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shame about her, as some people said, it certainly did not come from the fact that she was in receipt of a salary for the per. formance of certain prescribed duties. Such remuneration was, she thought, as honourable as the Doctor's income; but to her American intelligence, the acceptance of a present of money from a Marchioness would have been a degradation.”!

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Among examples of successful exposition that are too long to quote are: the lecture on “Idealism and

Naturalism," in Mr. Otto Pfleiderer's “PhilosExamples of exposition. ophy and Development of Religion;" the chapter on “ Intellectual Education," in Mr. Herbert Spencer's “ Education ;” the chapter on “Money,” in Mill's “Prin

" ciples of Political Economy;” the chapter on “Sweetness and Light," in Matthew Arnold's “ Culture and Anarchy;" the report of the Committee on Secondary School Studies to the National Council of Education; Walter Bagehot’s “English Constitution ;" Mr. A. R. Wallace's “Darwinism.”

1 Anthony Trollope : Dr. Wortle's School, part i. chap. ii.

2 Other examples are given in “Specimens of Exposition,” selected and edited by Hammond Lamont.

CHAPTER IV.

ARGUMENT.

ARGUMENT, like exposition, addresses the understanding;

, but there is an important difference between the two. Exposition achieves its purpose if it makes the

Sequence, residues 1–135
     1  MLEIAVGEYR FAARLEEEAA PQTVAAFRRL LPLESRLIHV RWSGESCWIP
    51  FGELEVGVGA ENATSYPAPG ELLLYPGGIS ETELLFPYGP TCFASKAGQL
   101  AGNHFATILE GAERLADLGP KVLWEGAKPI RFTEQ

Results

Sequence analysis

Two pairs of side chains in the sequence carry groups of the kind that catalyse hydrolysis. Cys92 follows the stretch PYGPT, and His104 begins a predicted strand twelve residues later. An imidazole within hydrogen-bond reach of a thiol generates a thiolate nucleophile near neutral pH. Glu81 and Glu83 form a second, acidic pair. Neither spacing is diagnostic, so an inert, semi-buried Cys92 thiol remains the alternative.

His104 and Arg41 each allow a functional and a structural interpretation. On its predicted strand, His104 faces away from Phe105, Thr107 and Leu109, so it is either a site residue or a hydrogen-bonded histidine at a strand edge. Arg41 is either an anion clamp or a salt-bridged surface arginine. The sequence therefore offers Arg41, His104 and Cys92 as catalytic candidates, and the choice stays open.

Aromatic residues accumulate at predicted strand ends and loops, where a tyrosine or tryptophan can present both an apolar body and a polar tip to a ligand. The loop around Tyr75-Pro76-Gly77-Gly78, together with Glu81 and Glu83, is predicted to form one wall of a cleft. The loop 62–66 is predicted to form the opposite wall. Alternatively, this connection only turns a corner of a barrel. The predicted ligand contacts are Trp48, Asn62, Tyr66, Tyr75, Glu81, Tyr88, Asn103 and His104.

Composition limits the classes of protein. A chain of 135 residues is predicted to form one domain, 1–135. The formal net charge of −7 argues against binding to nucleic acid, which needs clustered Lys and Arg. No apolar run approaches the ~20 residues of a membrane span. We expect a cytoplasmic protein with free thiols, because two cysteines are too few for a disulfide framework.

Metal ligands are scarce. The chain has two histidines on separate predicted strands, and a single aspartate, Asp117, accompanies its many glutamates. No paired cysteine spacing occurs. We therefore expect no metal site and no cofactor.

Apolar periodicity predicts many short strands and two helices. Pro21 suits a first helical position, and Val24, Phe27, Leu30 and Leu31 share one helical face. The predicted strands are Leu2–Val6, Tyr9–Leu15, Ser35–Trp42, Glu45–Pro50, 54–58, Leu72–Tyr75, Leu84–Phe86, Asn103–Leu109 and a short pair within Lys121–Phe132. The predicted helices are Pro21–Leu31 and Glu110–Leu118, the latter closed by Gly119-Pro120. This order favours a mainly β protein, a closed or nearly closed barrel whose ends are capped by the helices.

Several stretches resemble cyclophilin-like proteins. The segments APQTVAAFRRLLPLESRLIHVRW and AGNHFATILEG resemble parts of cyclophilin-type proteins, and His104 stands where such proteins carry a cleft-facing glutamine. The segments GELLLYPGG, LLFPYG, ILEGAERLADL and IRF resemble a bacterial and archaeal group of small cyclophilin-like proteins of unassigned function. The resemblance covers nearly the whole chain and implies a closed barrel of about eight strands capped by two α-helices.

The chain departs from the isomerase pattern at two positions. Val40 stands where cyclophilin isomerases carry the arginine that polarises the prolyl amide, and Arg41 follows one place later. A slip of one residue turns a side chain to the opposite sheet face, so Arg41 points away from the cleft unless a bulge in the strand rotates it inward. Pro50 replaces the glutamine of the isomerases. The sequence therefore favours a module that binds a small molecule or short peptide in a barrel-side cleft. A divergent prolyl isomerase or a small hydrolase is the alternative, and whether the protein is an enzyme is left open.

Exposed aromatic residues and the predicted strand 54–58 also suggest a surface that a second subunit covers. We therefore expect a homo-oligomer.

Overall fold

Argument persons addressed understand what is said; distinguished argument achieves its purpose if it makes exposition. them believe that what is maintained is true: exposition aims at explaining, argument at convincing. The difference between an argument and an exposition may be shown by a comparison between the address of an advocate to the jury and the charge of the judge. The advocate tries to convince the jury that his client has the right on his side; the judge, if he has the truly judicial spirit, tries to make the jury understand the question at issue exactly as it is.

The work of argument is sometimes done by exposition. Thus, Cardinal Newman? expounds the distinction between true and false education so skilfully Argument in that the reader draws for himself the conclu- exposition. sion suggested, but not proved, by the author; and Webster2 points out so plainly the evils that would result from an attempt to nullify a law of the United States that the inference from what he says is unmistakable. Argument which thus takes the form of expo* See pages 312, 313.

? See pages 308–310.

the form of

Argument prepared for

sition may be more effective than it would be in its own form.

The way for argument is often prepared by exposition, Some words of the assertion in dispute may need to be

defined and their relations to one another made by exposition. clear. If the subject is rovel or complex, the assertion as a whole may need to be explained before the argument is begun. It is useless to try to convince a man of the truth of anything that he does not understand.

SECTION 1.

PROPOSITION AND PROOF.

and proof defined.

The body of every composition in which reasoning plays an important part consists of the PROPOSITION in Proposition dispute, — the assertion which is to be proved

or disproved, - and the PROOF, which includes whatever tends to show either that this proposition is true or that it is false. The aim of argument is to convince the persons addressed that the proof is sufficient to establish, or to overthrow, the proposition.

For exposition a word may serve as subject, since one form of exposition is the definition of a word;

but for argument a word cannot so serve.

Honesty,” for example, is in no just sense a subject for argument; for, though many propositions about honesty can be framed, the word by itself suggests no one of them rather than another : but “Honesty is the best policy” is a subject; for it makes a definite assertion, an assertion that can be reasoned about.